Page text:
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Introducing: The Cello Sonata by Richard Strauss as a model of fine structure

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A new recording of the opera Der Rosenkavalier arrived a few days ago, which reminded me of the fine work of expressing emotion and depicting changing colours and textures Richard Strauss showed in even his music for solo instruments, like the Op. 6 Cello Sonata in F Major.

This is beautiful, late-Romantic music that reveals more and more as one looks below the surface — yet it doesn’t demand any work to connect with if all you feel like doing is listening passively.

The piece comes in classical three-movement form of fast, slow, fast (marked Allegro con brio, Andante ma non troppo, and Finale: Allegro vivo). The first movement is pure classical sonata, where a theme is laid out, then manipulated, before being neatly brought back in the end — except that Strauss makes it a bit more complicated, creating a sort of two-level between two themes and then the cello and piano.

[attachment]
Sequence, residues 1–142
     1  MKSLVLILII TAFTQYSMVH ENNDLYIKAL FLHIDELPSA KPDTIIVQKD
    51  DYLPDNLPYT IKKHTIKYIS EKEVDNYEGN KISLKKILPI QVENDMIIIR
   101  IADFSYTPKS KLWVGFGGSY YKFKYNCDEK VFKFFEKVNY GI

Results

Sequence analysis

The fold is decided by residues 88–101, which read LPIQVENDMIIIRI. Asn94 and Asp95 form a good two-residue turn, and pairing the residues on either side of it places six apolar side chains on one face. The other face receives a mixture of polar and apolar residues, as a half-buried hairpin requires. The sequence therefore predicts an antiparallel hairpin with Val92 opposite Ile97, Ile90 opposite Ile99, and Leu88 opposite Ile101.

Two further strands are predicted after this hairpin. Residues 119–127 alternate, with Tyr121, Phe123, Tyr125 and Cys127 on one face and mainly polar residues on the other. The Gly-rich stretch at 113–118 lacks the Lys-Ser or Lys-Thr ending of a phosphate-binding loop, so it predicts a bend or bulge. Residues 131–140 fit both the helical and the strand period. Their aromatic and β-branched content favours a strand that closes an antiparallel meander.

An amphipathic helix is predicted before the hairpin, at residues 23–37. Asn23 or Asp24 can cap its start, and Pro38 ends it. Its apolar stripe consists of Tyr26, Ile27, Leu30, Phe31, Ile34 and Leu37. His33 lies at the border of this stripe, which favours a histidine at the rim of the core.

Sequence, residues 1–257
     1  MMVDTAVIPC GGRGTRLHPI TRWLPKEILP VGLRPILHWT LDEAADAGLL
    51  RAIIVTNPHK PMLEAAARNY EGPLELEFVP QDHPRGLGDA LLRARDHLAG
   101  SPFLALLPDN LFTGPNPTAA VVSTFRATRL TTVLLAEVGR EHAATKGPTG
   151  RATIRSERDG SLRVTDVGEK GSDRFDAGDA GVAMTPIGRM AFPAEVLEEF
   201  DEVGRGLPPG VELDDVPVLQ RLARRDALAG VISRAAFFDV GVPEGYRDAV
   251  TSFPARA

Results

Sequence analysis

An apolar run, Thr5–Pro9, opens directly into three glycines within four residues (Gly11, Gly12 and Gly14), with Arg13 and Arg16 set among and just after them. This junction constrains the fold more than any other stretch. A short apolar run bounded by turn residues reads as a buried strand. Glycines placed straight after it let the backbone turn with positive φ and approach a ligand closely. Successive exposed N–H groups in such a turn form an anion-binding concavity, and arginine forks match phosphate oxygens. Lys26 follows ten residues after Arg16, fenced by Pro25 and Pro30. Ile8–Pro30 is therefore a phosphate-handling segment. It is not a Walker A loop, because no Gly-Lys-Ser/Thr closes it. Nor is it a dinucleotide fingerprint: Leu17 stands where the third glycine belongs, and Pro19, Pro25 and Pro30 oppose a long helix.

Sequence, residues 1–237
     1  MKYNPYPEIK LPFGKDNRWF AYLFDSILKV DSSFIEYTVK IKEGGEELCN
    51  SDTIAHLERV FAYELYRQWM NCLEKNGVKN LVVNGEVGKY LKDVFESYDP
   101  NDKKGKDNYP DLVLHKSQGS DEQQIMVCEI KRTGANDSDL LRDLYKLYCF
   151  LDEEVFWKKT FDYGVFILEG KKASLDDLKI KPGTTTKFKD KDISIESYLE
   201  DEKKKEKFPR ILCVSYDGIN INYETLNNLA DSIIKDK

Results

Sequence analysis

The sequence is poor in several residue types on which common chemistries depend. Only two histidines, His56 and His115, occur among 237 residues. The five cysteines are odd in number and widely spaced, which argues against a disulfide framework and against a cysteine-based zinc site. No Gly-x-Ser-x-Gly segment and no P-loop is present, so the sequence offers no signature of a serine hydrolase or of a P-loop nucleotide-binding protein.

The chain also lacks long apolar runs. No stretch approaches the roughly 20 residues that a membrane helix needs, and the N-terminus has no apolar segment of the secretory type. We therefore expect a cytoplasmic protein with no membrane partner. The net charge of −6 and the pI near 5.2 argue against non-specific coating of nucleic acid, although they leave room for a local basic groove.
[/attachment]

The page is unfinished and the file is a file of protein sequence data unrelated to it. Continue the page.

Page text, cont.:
The second movement is a gorgeous serenade that alternates between being despondent and dirge-like and rising above it with delicate wistfulness.

The finale is, again following classical forms, a romp (a scherzo), leaving all the slow movement’s gloom behind immediately.

It is a gorgeous, substantial piece of music — all the more remarkable for a teenaged composer (Strauss finished it in 1883, the year he turned 19). It’s performed a lot by advanced music students, but there aren’t that many opportunities to hear the piece done live by professional musicians.

Here are two native Montrealers, cellist Sophie Rolland and pianist Marc-André Hamelin, playing the piece with flair in an ASV album they recorded 18 years ago:

John Terauds

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